Zillow Group is leveraging its position as a leading real estate technology company to try to do something about the insecurity some people feel about their ability to stay in their homes as costs rise and incomes don’t across the country.
The Seattle-based company announced Thursday that it was pledging $5 million in cash and in-kind contributions over the next five years as part of its first social impact program called The Home Project.
Zillow points out in a news release that many people can find themselves just one medical bill, job loss, or rental increase away from losing their homes these days. The company cites its own research for cities such as Seattle, where a 5 percent average rent increase in 2016 would have translated to adding 258 people to the homeless population for a total of 12,498.
The Home Project identifies several pillars that Zillow says it can address thanks to its people, platform and products:
- Community Partners: Non-profits in the regions where the company has offices will receive $25,000 in addition to in-kind contributions such as product development, marketing resources, economic research and volunteer time. This year, these groups are: Women in Need (New York); Habitat for Humanity of Orange County (Irvine, Calif.); and three in Seattle — Mary’s Place, Downtown Emergency Services Center (DESC) and Seattle Housing Authority. Additional partners in Atlanta, Cincinnati, Denver, Lincoln, San Francisco, and Vancouver B.C., will be named next year.
- Neighborhood Ambassadors: Employees can assume this role by nominating local non-profits whose missions align with the project. Selected organizations receive $1,500 and coordinated volunteer support office-wide.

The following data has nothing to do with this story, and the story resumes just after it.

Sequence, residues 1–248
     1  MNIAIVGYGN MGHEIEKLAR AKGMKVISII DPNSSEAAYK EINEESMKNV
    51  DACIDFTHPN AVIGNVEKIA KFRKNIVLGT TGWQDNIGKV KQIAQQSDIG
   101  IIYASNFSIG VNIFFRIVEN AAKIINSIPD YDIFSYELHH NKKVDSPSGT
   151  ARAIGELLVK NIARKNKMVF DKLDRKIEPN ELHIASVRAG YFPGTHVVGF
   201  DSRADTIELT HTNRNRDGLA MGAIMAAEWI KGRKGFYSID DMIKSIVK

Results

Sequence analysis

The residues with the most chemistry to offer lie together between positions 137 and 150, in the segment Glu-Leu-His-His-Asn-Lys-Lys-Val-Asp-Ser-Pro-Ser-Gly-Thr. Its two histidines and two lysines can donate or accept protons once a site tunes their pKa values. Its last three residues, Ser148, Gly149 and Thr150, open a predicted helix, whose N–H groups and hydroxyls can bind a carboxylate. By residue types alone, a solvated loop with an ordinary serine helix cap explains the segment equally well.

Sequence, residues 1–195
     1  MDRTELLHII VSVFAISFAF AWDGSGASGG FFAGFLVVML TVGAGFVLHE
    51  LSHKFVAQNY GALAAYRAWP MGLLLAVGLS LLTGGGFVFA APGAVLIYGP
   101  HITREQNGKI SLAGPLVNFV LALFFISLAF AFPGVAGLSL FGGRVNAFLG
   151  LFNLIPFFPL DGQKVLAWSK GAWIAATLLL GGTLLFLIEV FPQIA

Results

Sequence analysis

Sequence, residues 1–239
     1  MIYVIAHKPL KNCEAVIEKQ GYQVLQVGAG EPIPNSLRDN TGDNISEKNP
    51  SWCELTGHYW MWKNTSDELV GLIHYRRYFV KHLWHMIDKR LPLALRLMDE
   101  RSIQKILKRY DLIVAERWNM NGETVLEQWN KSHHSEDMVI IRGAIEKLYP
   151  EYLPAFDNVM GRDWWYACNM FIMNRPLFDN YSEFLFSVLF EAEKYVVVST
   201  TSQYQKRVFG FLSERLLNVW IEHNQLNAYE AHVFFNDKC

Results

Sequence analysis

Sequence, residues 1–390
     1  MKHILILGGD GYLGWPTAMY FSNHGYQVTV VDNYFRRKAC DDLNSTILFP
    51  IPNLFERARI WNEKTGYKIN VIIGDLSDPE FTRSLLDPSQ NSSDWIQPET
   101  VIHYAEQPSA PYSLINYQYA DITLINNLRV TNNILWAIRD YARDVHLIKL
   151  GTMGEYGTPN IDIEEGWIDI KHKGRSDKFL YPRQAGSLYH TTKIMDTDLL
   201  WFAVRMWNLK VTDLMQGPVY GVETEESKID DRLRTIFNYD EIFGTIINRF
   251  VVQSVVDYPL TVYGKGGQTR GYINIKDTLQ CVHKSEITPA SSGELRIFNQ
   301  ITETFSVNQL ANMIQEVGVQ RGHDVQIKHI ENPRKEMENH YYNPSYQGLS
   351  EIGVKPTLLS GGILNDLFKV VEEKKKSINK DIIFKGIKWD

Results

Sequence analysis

- Product Development: Zillow is already doing this for the dedicated audience that uses its brands each month. In 2016, Zillow Group announced a new rental search filter “Community Pillar and Income Restricted,” which enables renters who qualify as low-income, or with imperfect housing history to connect with a landlord who is willing to rent to them. An employee cash prize was also introduced to encourage those who create such products as part of Hack Weeks and Innovation Weeks.
“At Zillow Group, our mission every day is to help millions of Americans find the place they call home, and we are uniquely positioned to understand the challenges some face and impact their housing outcomes,” Amy Bohutinsky, COO of Zillow Group, said in a statement. “Focusing on housing security is a natural extension of our work, and we will tackle it with all the resources we have to offer — shining a light on information through economic research, mobilizing our employees, contributing to organizations, and building products and features across our real estate and rental brands. We believe everyone deserves a home where they can thrive, regardless of their economic circumstances.”